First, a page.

How fears of abolition shaped the Second Amendment
We have all heard the old saying that “Words are weapons, sharper than knives.” This is because once said, something can never be taken back, it can only be apologized for with the hope that forgiveness will follow. There may be lingering doubt about the sincerity of the apology since only actions can speak louder than words.
I had an incident yesterday with Hal. He was tired and irritable, I failed to pick on this fact and tried talking to him. He brusquely informed me that he didn’t want to hear from me at that time. The rude manner in which he said this startled me. I instantly wanted to respond verbally to this provocation, but I decided to keep my mouth shut.
The incident happened at around 1800 Saturday evening and now it is 0400 Sunday and I am going through another bout with insomnia. I have not spoken to Hal since he said what he did. Of course, there has been sleeping since then, but as I write to keep myself from going insane I wonder how the enforced silence affects me.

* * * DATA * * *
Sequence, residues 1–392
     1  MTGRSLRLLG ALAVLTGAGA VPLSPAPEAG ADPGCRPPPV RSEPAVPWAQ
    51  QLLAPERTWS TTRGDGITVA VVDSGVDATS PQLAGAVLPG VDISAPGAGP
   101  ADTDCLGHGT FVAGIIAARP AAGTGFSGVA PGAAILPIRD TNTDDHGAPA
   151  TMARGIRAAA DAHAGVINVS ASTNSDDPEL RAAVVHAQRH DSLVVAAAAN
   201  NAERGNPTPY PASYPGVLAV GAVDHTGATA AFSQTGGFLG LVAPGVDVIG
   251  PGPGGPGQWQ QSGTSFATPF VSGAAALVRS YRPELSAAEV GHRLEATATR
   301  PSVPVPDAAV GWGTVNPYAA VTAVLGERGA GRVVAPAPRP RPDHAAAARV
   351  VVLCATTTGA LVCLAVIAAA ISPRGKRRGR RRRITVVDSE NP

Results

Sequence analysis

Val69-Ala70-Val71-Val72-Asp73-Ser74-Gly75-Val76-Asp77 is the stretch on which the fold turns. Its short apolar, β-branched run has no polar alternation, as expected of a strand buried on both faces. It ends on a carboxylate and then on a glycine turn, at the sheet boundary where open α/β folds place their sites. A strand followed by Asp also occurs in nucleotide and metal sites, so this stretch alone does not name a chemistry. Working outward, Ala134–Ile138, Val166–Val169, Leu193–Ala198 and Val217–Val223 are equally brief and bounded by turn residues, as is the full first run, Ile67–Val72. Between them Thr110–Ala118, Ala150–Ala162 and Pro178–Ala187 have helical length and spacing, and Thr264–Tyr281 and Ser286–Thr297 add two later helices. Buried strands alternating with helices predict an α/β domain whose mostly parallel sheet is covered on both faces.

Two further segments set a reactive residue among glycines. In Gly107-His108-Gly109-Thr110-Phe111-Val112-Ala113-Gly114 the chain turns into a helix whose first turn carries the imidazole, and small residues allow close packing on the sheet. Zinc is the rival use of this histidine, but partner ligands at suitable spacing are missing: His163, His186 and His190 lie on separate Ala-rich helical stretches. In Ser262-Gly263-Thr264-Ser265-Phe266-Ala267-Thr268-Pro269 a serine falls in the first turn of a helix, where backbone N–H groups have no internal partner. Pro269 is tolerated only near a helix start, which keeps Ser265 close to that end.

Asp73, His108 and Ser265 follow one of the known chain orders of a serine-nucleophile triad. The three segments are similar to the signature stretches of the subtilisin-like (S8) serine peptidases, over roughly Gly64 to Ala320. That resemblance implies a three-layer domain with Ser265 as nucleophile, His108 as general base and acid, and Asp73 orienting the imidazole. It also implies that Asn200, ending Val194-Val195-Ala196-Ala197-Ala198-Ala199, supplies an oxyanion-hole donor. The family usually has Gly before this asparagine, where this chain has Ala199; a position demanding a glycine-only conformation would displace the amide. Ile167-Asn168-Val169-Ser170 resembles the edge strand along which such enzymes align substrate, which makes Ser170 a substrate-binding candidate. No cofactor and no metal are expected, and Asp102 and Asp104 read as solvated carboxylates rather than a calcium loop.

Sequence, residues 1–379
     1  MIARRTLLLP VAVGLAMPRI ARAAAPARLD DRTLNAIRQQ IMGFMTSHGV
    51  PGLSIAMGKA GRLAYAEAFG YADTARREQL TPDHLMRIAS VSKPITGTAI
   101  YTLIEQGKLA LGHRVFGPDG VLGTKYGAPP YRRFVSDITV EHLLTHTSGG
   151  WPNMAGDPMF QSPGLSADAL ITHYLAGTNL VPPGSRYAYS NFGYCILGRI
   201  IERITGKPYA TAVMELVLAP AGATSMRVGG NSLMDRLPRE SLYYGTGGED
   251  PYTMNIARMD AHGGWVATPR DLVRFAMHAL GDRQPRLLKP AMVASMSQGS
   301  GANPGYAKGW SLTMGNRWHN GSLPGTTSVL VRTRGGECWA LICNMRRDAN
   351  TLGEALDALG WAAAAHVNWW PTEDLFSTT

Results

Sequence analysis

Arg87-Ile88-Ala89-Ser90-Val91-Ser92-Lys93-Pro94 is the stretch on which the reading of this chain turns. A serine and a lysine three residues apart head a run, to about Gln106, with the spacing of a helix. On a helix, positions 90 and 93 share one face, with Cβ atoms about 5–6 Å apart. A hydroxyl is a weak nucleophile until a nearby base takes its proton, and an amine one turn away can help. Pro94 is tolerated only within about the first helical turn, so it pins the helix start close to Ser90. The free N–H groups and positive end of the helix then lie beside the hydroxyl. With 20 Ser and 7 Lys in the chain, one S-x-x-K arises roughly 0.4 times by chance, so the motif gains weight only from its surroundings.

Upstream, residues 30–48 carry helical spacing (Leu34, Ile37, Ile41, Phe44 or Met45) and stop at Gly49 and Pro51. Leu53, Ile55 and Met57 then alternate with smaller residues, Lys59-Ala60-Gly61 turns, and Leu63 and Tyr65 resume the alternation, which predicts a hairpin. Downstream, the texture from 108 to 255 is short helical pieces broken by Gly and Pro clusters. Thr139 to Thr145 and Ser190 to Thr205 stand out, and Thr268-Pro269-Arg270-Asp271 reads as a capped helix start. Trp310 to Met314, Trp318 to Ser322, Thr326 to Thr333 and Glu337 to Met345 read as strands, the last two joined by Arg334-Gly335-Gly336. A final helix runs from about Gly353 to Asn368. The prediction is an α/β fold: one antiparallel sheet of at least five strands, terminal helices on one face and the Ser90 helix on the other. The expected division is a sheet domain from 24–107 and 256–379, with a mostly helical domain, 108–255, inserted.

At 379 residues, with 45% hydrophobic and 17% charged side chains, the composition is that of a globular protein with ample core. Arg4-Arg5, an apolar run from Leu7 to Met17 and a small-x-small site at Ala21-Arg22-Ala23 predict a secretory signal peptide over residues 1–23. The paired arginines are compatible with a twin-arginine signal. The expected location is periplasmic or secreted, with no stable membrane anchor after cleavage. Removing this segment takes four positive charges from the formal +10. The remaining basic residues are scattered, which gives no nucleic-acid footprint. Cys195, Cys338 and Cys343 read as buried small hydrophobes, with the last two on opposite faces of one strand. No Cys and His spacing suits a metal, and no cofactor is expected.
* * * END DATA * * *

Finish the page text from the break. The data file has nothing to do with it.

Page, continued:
I have no plans to break my silence until Hal says something first to apologize for his behavior. I know that means I might be waiting for a long time because Hal probably doesn’t even remember what caused my silence. If I break the silence first I have to explain why it happened, and then he will instantly discount my feelings that caused this to happen in the first place.
It is now almost 1300 Sunday afternoon and I’m parked outside Hal’s workplace waiting for him to get off work and take him home. When I drove him to work this morning, I still didn’t say a word to him. I’m still pissed and upset about last night and I’m going to stand my ground and not cave in and apologize first anymore. I’m tired of always making things my fault in order to avoid a conflict. Perhaps it is time for the air to be cleared once and for all.